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Sample Size Estimation for Random-effects Models: Balancing Precision and Feasibility in Panel Studies

Weichenthal, Scotta,b; Baumgartner, Jilla,c; Hanley, James A.a

doi: 10.1097/EDE.0000000000000727
Methods

Panel study designs are common in environmental epidemiology, whereby repeated measurements are collected from a panel of subjects to evaluate short-term within-subject changes in response variables over time. In planning such studies, questions of how many subjects to include and how many different exposure conditions to measure are commonly asked at the design stage. In practice, these choices are constrained by budget, logistics, and participant burden and must be carefully balanced against statistical considerations of precision and power. In this article, we provide intuitive sample size formulae for the precision of regression coefficients derived from panel studies and show how they can be applied in planning such studies. We show that there are five determinants of the precision with which regression coefficients can be estimated: (1) the residual variance of the responses; (2) the variance of the slopes; (3) the number of subjects; (4) the number of measurements/subject; and (5) the within-subject range of the exposure values “X” at which the responses are measured. The planning of such studies would be greatly improved if investigators regularly reported all of the variance components in fitted random-effects models: currently, literature values for the relevant variance parameters are often not readily available and must be estimated through pilot studies or subjective estimates of “reasonable values.”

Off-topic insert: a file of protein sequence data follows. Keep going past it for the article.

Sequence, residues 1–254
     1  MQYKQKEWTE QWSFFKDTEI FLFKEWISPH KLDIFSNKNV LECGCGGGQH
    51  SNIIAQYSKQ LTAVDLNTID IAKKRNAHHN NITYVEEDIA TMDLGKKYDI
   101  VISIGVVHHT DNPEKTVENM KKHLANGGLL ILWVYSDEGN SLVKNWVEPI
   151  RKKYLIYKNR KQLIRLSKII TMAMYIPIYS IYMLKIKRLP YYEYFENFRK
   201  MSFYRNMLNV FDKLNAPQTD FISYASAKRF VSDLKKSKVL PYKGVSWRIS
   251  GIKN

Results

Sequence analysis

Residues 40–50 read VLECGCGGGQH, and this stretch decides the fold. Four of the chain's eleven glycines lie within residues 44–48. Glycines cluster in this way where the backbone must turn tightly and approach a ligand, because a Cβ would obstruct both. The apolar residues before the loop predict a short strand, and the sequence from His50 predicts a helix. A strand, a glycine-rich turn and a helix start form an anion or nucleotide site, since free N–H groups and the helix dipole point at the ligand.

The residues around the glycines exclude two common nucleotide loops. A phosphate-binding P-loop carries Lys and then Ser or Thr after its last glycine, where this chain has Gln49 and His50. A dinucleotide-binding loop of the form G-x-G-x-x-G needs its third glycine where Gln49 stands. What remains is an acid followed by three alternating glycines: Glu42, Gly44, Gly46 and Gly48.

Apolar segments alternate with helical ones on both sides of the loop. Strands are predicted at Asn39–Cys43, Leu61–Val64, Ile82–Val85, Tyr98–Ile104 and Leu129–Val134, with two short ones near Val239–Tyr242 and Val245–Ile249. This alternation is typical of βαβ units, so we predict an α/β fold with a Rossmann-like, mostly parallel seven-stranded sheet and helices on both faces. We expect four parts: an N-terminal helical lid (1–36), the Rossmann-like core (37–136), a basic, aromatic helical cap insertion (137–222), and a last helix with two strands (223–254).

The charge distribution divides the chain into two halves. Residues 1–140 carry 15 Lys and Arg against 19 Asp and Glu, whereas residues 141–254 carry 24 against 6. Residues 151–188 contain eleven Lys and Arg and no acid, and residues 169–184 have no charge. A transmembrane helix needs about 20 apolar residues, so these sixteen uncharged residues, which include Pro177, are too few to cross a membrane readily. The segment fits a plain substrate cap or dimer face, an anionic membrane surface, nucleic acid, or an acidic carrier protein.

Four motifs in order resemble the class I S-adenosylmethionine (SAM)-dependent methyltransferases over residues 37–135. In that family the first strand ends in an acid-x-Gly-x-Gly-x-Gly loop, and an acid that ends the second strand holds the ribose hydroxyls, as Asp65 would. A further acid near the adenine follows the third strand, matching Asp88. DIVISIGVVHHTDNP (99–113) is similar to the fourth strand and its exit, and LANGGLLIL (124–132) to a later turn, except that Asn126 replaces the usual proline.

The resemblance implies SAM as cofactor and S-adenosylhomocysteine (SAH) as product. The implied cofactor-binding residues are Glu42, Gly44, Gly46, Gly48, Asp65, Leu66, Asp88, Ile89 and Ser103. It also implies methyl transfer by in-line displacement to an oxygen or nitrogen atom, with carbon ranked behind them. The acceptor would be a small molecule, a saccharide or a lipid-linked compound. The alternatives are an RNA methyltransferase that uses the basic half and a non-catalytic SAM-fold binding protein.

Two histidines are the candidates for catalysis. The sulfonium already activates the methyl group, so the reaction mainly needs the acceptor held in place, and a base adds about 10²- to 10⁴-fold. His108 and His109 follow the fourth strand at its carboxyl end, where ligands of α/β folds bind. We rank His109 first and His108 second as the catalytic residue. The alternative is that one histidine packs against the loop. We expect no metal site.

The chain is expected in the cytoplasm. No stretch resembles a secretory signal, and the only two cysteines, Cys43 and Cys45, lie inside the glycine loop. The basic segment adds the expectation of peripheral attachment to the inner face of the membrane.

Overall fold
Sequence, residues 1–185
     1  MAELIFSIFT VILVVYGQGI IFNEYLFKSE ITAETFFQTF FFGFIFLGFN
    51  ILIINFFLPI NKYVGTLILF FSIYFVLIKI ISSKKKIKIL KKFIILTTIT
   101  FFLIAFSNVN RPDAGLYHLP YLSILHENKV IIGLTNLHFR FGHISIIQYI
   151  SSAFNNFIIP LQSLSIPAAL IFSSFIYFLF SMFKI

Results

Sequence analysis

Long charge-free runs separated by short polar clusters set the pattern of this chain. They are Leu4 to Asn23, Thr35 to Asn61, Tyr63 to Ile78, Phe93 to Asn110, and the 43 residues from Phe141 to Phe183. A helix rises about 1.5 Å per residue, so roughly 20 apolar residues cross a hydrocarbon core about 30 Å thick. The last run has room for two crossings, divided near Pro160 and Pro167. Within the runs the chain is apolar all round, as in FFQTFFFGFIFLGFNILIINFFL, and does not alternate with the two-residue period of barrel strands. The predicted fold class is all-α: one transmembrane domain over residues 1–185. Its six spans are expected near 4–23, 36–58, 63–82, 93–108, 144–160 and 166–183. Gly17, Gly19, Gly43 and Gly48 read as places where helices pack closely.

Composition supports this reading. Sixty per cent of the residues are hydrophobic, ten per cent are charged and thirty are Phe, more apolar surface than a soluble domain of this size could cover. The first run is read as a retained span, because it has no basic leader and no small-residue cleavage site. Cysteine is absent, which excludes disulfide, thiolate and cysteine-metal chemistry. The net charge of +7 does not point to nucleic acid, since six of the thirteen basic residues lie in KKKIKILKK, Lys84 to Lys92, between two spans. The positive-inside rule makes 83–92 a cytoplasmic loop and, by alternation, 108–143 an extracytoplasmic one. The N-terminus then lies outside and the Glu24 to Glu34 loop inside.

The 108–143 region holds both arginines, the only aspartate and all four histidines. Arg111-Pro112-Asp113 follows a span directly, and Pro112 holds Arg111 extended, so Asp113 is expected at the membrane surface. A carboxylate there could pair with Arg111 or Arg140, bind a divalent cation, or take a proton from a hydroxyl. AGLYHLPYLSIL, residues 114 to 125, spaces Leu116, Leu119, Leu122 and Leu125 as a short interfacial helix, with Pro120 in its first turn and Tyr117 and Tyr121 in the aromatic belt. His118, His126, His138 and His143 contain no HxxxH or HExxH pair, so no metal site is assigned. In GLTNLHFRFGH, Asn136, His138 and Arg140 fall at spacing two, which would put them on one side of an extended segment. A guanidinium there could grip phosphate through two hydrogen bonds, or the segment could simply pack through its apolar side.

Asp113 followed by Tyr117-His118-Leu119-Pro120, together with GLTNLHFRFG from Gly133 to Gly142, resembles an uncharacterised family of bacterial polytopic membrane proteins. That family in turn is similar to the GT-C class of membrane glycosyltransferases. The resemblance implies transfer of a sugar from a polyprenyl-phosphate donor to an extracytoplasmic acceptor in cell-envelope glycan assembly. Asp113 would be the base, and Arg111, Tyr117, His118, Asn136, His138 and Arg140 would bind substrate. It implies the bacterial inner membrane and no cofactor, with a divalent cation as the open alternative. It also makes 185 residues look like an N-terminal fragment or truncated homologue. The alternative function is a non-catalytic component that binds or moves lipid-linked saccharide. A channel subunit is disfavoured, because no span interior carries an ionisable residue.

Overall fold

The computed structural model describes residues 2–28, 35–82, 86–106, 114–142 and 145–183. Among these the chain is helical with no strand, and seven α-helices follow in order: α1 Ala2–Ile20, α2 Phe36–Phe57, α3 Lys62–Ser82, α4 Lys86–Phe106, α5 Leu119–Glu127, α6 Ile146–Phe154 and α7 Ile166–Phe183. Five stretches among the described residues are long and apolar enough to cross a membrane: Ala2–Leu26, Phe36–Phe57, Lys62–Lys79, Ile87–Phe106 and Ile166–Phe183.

From the aDepartment of Epidemiology, Biostatistics, and Occupational Health, McGill University, Montreal, Canada; bGerald Bronfman Department of Oncology, McGill University, Montreal, Canada; and cInstitute for Health and Social Policy, McGill University, Montreal, Canada.

Submitted 30 August, 2016; accepted 25 July, 2017.

This work was supported by a Collaborative Health Research Projects Grant (CIHR/NSERC).

The authors report no conflicts of interest.

Supplemental digital content is available through direct URL citations in the HTML and PDF versions of this article (www.epidem.com).

Correspondence: Scott Weichenthal, Department of Epidemiology, Biostatistics, and Occupational Health and Gerald Bronfman Department of Oncology, McGill University, 1020 avenue des Pins Ouest, Montreal, QC H3A 1A2, Canada. E-mail: scott.weichenthal@mcgill.ca.

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